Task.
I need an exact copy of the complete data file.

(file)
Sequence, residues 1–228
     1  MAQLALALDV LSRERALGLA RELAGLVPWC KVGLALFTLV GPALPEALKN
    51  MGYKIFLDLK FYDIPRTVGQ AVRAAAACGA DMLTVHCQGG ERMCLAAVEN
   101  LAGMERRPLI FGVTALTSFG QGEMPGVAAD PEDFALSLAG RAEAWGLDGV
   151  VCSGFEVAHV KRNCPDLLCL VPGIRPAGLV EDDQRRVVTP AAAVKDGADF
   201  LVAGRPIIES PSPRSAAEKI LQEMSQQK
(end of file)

Sequence, residues 1–228
     1  MAQLALALDV LSRERALGLA RELAGLVPWC KVGLALFTLV GPALPEALKN
    51  MGYKIFLDLK FYDIPRTVGQ AVRAAAACGA DMLTVHCQGG ERMCLAAVEN
   101  LAGMERRPLI FGVTALTSFG QGEMPGVAAD PEDFALSLAG RAEAWGLDGV
   151  VCSGFEVAHV KRNCPDLLCL VPGIRPAGLV EDDQRRVVTP AAAVKDGADF
   201  LVAGRPIIES PSPRSAAEKI LQEMSQQK